Arthur Jeske DMD, PhD; James Zahrowski DMD, MS, PharmD
Articaine 4%, when compared to Lidocaine 2%, provides more effective local anesthesia in the first molar region for routine dental procedures while demonstrating a similar short-term adverse effect profile.
In patients requiring non-complex dental treatment, is articaine given as a local infiltration or nerve block, compared to lidocaine, an effective and safe local anesthetic?
This review utilized a search of 5 databases (Cochrane Central, Medline, Embase, ProQuest Health and Medical Complete) for publications of relevant trials between 1950 and 2009. The search included unpublished and ongoing studies using the metaRegister of controlled trials database, and a manufacturer of articaine and lidocaine was also contacted for relevant information. Language limitation eliminated 2 German citations. One author independently reviewed titles and abstracts using QUORUM criteria. Articles were utilized if they were RCTs in patients requiring non-complex, routine dental treatments and compared lidocaine 2% with 1:100,000 epinephrine and articaine 4% with 1:100,000 epinephrine. The four measured outcomes were anesthetic success, onset of action, post-injection adverse effects and/or post-injection pain. Data were combined and analyzed statistically for the four outcomes involving the first molar tooth. A random effects model was utilized, and the Cochran test for homogeneity and I2 test were used to evaluate heterogeneity and inconsistency among the studies.
This systematic review and meta-analysis of 9 RCTs including 1,725 subjects indicated the relative risk (RR) for achieving anesthetic success in the first molar for articaine versus lidocaine favored articaine (RR = 1.31, 95% CI 1.12-1.54, P = 0.0009) and the relative risk of adverse post-injection events between the two drugs was 1.05 (95% CI 0.66-1.65, P = 0.85). Articaine injection resulted in higher VAS pain scores after reversal of anesthesia, weight mean difference 6.49 (95% CI 0.02-12.96, p = 0.05), decreasing to 1.10 (95% CI 0.18-2.02, P=0.02) after 3 days. No significant heterogeneity was noted for any analyses, but subgroup analyses (based on age, gender, arch, or type of injection) and assessment of publication bias could not be done due to the small number of included studies.
The systematic review and meta-analysis indicated that articaine is more likely than lidocaine to achieve successful local anesthesia of the first molar for routine dental procedures, and both drugs appear to have similar post-injection adverse effect profiles. There are no data to support the use of articaine in children under the age of 4.
Source of Funding:
Importance and Context:
Lidocaine 2% with 1:100,000 epinephrine is commonly regarded as the standard local anesthetic for dental infiltrations and block injections, having been available in the U.S. over 50 years, and is the standard comparator local anesthetic in most studies evaluating other dental local anesthetics. Following the introduction of articaine 4% with 1:100,000 epinephrine in the U.S., various claims regarding its potential superiority for efficacy have not always been supported by RCTs, and its comparative potential for adverse events, including permanent nerve injury (e.g., paresthesia), required scientific validation. A systematic review is therefore warranted to clarify these issues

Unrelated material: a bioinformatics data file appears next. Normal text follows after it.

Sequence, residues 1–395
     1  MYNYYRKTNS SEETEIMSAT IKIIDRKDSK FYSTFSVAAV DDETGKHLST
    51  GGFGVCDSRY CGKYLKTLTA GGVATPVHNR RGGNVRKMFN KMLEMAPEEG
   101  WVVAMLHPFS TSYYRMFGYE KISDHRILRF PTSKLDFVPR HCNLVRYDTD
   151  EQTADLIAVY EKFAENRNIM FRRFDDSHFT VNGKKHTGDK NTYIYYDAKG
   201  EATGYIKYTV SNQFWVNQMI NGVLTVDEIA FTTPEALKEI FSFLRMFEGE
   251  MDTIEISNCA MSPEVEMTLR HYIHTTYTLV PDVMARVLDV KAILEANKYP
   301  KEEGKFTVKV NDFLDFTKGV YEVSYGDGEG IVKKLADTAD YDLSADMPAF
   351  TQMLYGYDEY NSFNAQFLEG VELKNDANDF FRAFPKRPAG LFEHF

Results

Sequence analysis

Strengths and Weaknesses of the Systematic Review:
Appropriate inclusion and exclusion criteria were utilized so that only randomized, controlled trials were included, and four databases were searched. However, only one author independently confirmed the appropriateness of included trials, so that there was no mechanism for adjudication of disagreements, and a language bias was acknowledged as a possible limitation of the review (two German-language RCTs were excluded and could have influenced the final result/trend from the 9 included studies). The defined time period for the search (1950 to 2009) was sufficiently broad to allow probable inclusion of all relevant reports, spanning the approximate time of introduction of both lidocaine and articaine to the U.S. marketplace. The meta-analysis was strengthened by a lack of significant heterogeneity
Strengths and Weaknesses of the Evidence:
Nine randomized controlled trials were included, all of which were prospective in nature. All studies utilized similar methods to assess primary outcome measures. Subgroup analyses could not be performed, which limits the applicability of the outcomes to larger groups of patients, and the author acknowledged a need for better management of allocation concealment, handling of losses and intention-to-treat analyses. A total of 525 subjects is too small a sample to assess adverse effects.
Implications for Dental Practice:
The now established efficacy of articaine 4% with 1:100,000 epinephrine for infiltration of lower posterior teeth, as well as its relatively more rapid metabolic clearance, are additional favorable features of this agent when compared to other dental local anesthetics, including lignocaine (lidocaine). At this time, it is not clear if these findings can be extrapolated to primary teeth or permanent teeth other than first molars or to the newer articaine 4% preparation, with a lower (1:200,000) epinephrine concentration. Conclusions of this systematic review agree with those from another recently published meta-analysis (1). Theoretical concerns regarding an increased incidence of nerve injury associated with 4% local anesthetic preparations remain, but are unlikely to be scientifically documented in randomized controlled trials due to the very large number of subjects needed for such studies.
1. Paxton K, Thome DE. Efficacy of articaine formulations: quantitative reviews. Dental Clinics of North America 2010;54:643-653.